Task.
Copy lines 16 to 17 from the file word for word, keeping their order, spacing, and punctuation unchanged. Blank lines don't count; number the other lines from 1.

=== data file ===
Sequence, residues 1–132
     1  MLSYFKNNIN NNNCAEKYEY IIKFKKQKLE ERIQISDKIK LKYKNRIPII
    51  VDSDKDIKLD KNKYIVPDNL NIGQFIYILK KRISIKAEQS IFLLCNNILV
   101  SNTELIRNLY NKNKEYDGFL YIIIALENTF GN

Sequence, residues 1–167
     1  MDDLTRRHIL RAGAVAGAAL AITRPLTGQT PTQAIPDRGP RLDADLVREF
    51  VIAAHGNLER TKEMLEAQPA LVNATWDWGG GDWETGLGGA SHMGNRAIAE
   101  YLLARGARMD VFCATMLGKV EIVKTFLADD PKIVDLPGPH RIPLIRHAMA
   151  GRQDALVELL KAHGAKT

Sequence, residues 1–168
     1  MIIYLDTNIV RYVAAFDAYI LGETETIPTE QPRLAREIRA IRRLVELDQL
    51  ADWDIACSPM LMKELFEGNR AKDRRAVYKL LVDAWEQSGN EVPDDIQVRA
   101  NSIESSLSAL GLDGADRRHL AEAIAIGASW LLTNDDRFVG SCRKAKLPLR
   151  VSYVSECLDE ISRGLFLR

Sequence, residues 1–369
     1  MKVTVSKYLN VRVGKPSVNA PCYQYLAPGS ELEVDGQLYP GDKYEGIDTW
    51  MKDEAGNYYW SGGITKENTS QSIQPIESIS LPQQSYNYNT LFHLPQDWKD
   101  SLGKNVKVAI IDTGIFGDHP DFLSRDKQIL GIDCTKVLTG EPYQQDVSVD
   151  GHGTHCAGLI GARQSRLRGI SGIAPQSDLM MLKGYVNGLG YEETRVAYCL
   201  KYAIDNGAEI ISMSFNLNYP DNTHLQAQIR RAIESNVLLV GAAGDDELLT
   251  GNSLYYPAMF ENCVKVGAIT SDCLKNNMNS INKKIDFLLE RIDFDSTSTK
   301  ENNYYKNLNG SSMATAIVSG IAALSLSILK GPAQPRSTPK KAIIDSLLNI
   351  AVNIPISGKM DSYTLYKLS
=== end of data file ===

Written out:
     1  MKVTVSKYLN VRVGKPSVNA PCYQYLAPGS ELEVDGQLYP GDKYEGIDTW
    51  MKDEAGNYYW SGGITKENTS QSIQPIESIS LPQQSYNYNT LFHLPQDWKD